Some time ago I got two iSP5 Smart Plugs for $30 each. The plugs can be controlled from dedicated iHome apps on iOS and Android. They also work with Apple HomeKit and Amazon Alexa. It’s great but I use OpenHab2 on Raspberry Pi 2 to control my smart home devices and there’s no integration/plugin for the plugs. I was wondering if it would be possible to reverse engineer the iHome API and write a small script to control the devices. The first thing I did was running nmap port scanning against one of the plugs which were connected to my WiFi.
Victory! … well not really. Two ports are open. HTTP port always returns 404 so it’s not very helpful yet.
The zeroconfig / mDNS/ Bonjour service on port 5353 tells us something interesting about the service being announced by the device. I checked mDNS packets in Wireshark and also installed Bonjour Browser on my OSX to see more details. mDNS tells us a service specification. In this case, it is HAP on TCP on port 80 on a device with IP 192.168.0.5. HomeKit Accessory Protocol (HAP) is what Apple desinged to control smart devices.
I know that the plugs can be controlled from my iPhone without the internet connection. It means that the iHome app must be able to talk to them directly. Interestingly, iHome Android app doesn’t work without the Internet. It’s a hint.
iHome iOS app uses the device HomeKit API directly when there’s no access to the internet. The Android app doesn’t support HomeKit and doesn’t work when the phone is offline but in the same WiFi with the devices.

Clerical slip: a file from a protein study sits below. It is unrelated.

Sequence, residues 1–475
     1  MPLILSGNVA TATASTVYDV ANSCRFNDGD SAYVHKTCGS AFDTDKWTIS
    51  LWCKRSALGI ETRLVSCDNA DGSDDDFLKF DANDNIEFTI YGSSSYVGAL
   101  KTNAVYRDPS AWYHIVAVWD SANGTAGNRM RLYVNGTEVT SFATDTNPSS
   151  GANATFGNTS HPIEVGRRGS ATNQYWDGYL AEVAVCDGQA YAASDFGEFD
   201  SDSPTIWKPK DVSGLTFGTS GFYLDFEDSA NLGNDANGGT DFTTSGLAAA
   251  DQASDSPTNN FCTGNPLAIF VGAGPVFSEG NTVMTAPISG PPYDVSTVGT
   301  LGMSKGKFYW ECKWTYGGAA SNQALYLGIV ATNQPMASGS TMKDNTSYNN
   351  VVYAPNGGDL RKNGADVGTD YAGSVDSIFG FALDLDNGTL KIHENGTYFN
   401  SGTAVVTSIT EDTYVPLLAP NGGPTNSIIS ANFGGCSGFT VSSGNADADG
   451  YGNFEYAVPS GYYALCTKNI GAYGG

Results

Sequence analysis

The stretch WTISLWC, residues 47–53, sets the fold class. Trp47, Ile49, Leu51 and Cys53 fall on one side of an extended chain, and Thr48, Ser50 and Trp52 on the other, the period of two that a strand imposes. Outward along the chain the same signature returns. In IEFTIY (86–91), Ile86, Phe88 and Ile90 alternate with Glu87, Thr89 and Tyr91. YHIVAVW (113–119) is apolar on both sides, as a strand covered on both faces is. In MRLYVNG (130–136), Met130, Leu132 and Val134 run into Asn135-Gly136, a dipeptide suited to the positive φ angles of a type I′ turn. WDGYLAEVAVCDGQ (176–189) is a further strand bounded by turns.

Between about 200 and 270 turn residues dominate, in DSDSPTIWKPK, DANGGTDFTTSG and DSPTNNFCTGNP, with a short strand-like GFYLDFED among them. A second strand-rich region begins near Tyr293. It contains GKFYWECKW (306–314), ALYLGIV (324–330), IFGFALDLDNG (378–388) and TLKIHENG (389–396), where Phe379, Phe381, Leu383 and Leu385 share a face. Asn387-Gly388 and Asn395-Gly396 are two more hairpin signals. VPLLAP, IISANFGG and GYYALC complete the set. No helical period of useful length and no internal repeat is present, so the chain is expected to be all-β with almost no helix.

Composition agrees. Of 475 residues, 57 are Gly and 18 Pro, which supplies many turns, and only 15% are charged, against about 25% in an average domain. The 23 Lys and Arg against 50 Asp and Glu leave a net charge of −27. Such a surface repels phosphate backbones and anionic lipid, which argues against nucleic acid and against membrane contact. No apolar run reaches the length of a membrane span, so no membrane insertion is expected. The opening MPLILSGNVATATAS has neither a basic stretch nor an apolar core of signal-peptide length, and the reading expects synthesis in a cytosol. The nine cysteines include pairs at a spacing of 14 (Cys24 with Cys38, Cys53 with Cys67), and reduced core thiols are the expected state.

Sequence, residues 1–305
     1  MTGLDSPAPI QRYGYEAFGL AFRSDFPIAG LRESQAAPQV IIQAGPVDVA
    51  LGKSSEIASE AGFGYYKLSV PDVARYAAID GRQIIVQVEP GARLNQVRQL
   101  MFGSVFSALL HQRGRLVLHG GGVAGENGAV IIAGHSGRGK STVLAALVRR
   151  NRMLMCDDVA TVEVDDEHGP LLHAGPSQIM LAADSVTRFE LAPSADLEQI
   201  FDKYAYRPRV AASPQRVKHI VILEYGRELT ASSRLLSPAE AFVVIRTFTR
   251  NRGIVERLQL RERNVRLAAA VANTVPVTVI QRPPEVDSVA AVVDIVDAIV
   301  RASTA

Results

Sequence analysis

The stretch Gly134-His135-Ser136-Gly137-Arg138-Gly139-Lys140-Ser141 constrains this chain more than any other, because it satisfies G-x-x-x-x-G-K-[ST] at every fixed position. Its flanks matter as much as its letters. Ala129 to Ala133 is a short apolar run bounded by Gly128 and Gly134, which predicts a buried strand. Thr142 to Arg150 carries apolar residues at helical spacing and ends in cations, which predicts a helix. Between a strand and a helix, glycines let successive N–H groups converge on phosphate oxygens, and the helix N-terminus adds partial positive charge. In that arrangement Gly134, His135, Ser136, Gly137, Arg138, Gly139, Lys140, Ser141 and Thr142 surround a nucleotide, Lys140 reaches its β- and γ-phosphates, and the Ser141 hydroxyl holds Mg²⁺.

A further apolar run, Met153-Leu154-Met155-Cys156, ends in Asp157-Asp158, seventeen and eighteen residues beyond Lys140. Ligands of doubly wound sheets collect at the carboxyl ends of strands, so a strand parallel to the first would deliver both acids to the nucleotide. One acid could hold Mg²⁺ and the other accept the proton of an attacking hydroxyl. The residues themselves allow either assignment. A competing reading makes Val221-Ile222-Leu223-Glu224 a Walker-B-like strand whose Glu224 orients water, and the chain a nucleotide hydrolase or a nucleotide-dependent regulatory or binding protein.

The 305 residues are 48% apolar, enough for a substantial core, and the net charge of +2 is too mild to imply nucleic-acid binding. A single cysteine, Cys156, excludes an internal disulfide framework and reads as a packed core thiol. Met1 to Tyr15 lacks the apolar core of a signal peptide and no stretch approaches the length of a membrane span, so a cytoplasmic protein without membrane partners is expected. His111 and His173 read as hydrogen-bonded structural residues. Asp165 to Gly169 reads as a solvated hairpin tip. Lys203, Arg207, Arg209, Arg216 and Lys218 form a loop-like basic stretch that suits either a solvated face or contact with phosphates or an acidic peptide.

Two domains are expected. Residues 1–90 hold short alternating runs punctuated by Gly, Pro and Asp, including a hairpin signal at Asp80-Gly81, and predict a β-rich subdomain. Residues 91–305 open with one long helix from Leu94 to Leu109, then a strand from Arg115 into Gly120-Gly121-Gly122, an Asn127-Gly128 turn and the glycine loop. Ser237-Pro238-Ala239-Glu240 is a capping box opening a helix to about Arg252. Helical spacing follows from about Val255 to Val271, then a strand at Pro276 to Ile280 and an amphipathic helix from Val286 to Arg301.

I think the smart plug has only one API available directly over the local network and it’s the HomeKit API. HomeKit API has a very strong security and it’s close to impossible to hack. So how does the Android app work? The Android app sends the commands to iHome REST API in the cloud and they get passed to an MQTT channel. The plug, when it’s in WiFi with access to the Internet syncs its status with an iHome MQTT server. That is actually a quite good news. It is possible to sniff the API calls from the app and write a little script to replicate them.
Sniffing iHome REST API
There are many ways to sniff network traffic from a mobile phone. The simplest way is using Charles Proxy. You have to install a Chares Proxy ROOT cert on your phone in order to sniff the encrypted HTTPS traffic. More about it is on https://www.charlesproxy.com/documentation/using-charles/ssl-certificates/ The root cert can only be installed from Safari!
The downside of this method is that it only works for HTTPS traffic which goes on port 443. The mobile app may not respect the proxy settings or use cert pinning. Cert pinning is the worst case since the app will NOT respect the fake temporary cert signed with the Charles ROOT cert installed on your phone.
Another method of sniffing is a bit more complicated and involves MITM attack. MITM allows for sniffing the entire network traffic from the phone on any protocols and ports. I wanted to test this method first to make sure that there is nothing unexpected going on there like the app talking to the API on an unusual port or protocol. It will give me some certainty that the Charles Proxy method will be effective. Ettercap and Wireshark are the right tools for the job.
You can install Ettercap with Brew on Mac.
Download and install Wireshark from https://www.wireshark.org/
Start Ettercap with
Add a mobile phone IP 192.168.0.4 to TARGET GROUP 1
Add a smart plug IP 192.168.0.5 to TARGET GROUP 1
Add ROUTER IP 192.168.0.1 to TARGET GROUP 2
Go to MITM menu and select ARP Poisoning and as a parameter type remote in order to sniff all the traffic from the victims’ devices not only the direct traffic between them.